“This shows the business community what can be done, and we encourage all major companies to follow suit,” he said.

Executive Vice President with the Sony Corporation of America Mark Khalil said, “Our commitment to achieve 100% renewable electricity usage in the North American region by 2030 is a step toward our global goal. By joining RE100 and establishing global and regional targets, we hope to accelerate the usage of renewable electricity at Sony and inspire other companies to do the same.”

In 2001, Sony Pictures Studios (SPS) was certified under the international environmental standard ISO 14001 and has maintained and expanded it each year since, the first and only major studio to do so.

Sony installed solar photovoltaic cells on the roof of its Jimmy Stewart Building and is using 100 percent renewable energy in its Arizona data center. Combined, this will reduce the company’s carbon footprint by  1,000 tons over three years.

Sony Pictures Entertainment renovated and expanded the Central Plant on the Studio Lot to incorporate additional buildings in this efficient HVAC loop. This has avoided 550 tons of the greenhouse gas carbon dioxide (CO2) annually.

L'Oreal products get sustainable packaging treatment, April 30, 2017. (Photo by Maria Martinez Dukan) Creative Commons license via Flickr.

L’Oreal products get sustainable packaging treatment, April 30, 2017. (Photo by Maria Martinez Dukan) Creative Commons license via Flickr.

Greener French Cosmetics

L’Oréal S.A., the French cosmetics company headquartered in Clichy, Hauts-de-Seine with a registered office in Paris, is the world’s largest cosmetics company. Hair color, skin care, sun protection, make-up, perfume and hair care – L’Oréal makes and markets them all.

It was also “Newsweek” magazine’s #1 ranked Green Company last year, a ranking based partly on L’Oréal’s sustainable packaging policy.

“Today, for certain products, up to 100% of the plastic used in our packaging has been recycled,” says Philippe Thuvien, managing director of packaging and development at the L’Oréal Group, referring to the bottles of new shampoos from the Redken, Kiehl’s and Pureology brands.”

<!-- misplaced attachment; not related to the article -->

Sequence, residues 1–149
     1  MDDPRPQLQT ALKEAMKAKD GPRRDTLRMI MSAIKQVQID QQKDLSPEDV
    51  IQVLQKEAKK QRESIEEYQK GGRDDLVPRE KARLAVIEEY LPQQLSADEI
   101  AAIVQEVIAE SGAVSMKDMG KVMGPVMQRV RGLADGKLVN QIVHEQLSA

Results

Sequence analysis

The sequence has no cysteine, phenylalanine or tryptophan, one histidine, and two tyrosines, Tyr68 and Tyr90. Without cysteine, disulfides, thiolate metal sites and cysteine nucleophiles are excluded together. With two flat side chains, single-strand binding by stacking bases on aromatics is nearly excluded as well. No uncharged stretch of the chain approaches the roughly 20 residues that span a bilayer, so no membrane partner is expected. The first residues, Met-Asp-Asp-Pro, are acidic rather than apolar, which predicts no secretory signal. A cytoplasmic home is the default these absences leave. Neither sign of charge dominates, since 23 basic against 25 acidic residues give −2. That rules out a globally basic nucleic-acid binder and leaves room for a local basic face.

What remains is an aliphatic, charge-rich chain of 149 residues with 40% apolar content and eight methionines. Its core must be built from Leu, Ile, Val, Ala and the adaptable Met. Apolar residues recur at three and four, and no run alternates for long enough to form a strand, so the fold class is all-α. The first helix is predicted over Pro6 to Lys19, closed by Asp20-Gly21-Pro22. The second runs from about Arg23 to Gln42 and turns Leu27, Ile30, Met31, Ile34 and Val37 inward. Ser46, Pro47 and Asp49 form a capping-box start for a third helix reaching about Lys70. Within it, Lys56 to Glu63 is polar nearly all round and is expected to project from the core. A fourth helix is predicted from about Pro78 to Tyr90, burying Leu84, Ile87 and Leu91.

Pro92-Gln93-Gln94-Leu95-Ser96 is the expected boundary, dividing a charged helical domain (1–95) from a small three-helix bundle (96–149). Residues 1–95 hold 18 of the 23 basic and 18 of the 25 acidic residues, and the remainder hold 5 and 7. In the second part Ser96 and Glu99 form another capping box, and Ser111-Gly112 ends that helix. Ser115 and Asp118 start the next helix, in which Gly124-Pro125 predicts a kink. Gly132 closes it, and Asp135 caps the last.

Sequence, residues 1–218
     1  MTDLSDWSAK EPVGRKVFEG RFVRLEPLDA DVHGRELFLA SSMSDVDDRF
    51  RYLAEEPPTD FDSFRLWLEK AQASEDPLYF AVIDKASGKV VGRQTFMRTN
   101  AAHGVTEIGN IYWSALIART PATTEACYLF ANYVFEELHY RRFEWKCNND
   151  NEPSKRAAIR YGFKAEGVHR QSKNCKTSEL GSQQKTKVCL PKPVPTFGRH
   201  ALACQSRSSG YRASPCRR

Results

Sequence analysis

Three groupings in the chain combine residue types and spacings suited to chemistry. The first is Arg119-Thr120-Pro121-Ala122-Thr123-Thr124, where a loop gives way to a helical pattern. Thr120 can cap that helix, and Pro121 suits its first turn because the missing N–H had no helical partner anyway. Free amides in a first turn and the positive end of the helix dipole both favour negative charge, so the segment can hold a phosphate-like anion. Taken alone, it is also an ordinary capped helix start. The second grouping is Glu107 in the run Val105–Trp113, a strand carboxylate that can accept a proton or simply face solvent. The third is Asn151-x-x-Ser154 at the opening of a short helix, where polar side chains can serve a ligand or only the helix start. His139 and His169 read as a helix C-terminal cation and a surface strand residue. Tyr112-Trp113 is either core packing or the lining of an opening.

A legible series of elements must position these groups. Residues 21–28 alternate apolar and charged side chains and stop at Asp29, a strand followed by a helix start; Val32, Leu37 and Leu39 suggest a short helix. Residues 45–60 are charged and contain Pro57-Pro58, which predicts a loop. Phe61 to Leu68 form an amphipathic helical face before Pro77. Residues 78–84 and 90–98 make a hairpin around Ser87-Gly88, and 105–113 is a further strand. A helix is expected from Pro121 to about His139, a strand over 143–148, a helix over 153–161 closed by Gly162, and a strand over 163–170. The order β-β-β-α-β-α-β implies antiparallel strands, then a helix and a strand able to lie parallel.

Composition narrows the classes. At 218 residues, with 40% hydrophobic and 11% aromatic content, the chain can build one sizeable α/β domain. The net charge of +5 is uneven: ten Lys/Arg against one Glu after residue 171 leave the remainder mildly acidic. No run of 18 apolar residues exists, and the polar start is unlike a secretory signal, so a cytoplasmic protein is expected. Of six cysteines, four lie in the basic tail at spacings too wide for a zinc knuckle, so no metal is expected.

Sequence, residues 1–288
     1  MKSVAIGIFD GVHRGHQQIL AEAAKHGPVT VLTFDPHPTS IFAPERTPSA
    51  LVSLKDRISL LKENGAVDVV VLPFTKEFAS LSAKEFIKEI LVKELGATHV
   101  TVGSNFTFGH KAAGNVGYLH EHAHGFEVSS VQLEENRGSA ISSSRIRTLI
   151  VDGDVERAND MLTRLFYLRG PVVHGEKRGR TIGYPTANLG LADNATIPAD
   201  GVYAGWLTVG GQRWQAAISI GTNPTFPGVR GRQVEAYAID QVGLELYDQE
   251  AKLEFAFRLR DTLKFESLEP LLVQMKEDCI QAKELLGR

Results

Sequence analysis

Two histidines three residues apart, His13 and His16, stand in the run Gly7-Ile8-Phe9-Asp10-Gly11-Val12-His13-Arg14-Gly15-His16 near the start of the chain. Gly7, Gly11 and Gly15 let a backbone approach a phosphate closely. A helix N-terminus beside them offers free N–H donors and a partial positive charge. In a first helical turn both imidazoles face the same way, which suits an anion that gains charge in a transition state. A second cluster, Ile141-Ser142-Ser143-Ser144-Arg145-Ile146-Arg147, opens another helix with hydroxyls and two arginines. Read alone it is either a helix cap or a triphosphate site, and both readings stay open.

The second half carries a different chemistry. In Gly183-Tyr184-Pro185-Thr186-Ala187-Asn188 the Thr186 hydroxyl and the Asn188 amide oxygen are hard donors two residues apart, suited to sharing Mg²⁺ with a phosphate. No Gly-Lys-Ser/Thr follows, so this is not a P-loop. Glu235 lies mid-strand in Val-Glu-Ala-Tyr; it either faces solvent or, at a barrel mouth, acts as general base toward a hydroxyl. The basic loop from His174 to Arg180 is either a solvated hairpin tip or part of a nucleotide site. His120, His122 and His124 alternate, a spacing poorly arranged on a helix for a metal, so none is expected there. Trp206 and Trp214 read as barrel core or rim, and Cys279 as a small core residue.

“In total, the amount of recycled plastic in our packaging increased by 33% in 2017,” said Thuvien.

“As an industry leader invested in the future of sustainable packaging,” he said, “the Group has been working with a specialist environmental consultancy, Quantis, to launch the Sustainable Packaging Initiative for Cosmetics (SPICE), which is designed to help the industry commit to more responsible packaging and improve the environmental performance of the entire packaging value chain.”

Unilever Adores Animals

Unilever, the British-Dutch transnational company, the world’s largest consumer goods firm, says that on any given day, “2.5 billion people use Unilever products to feel good, look good and get more out of life – giving us a unique opportunity to build a brighter future.”

Earlier this month Unilever announced its support for a global ban on animal testing for cosmetics as part of an ambitious new collaboration with the animal protection nonprofit Humane Society International.

David Blanchard, chief research and development officer at Unilever, explained, “Animal testing for cosmetics has been banned in the EU since 2013, and we hope that an adoption of similar bans in other countries will accelerate the regulatory acceptance of alternative approaches and thereby remove any requirements for any animal testing for cosmetics anywhere in the world.”

Unilever will support HSI’s global #BeCrueltyFree initiative, which is leading legislative reform in key beauty markets to prohibit cosmetic animal testing and trade, consistent with EU model.

Dove, Unilever’s largest beauty and personal care brand, has gained accreditation by People for the Ethical Treatment of Animals (PETA). Dove’s cruelty-free status recognizes the brand’s commitment to not conduct any tests on animals anywhere in the world. PETA’s cruelty-free logo will begin to appear on Dove packaging from January 2019.

We want to play our part in tackling climate change and reduce the depletion of natural resources. It makes business sense to reduce our risk by securing sustainable sources of supply for raw materials, to cut costs through reducing packaging materials and higher manufacturing efficiencies, and to appeal to more consumers with sustainable, purpose-led brands.

The company said in a statement, “In 2017, our factory sites reduced CO2 emissions from energy by 47% per tonne of production compared to 2008. We have also increased our use of renewable energy within our manufacturing; in 2017, this increased to 33.6% compared to 15.8% in 2008. Additionally, 65% of all grid electricity used in our manufacturing operations was generated from renewable resources.”

Unilever has pledged to source 100% of its total energy from renewable sources by 2030.

Yet, all does not run smoothly, even in companies with the best of intentions. Unilever said in September that the greenhouse gas impact of its products has risen by 9% since 2010. Underlying sales growth over the same period was 33.1%, so, the company said, “…it is encouraging to see that we are decoupling our value chain greenhouse gas  impacts from our business growth.”

Featured Image: Apple’s new headquarters in Cupertino is powered by 100 percent renewable energy, in part from a 17-megawatt onsite rooftop solar installation. (Photo courtesy Apple) Posted for media use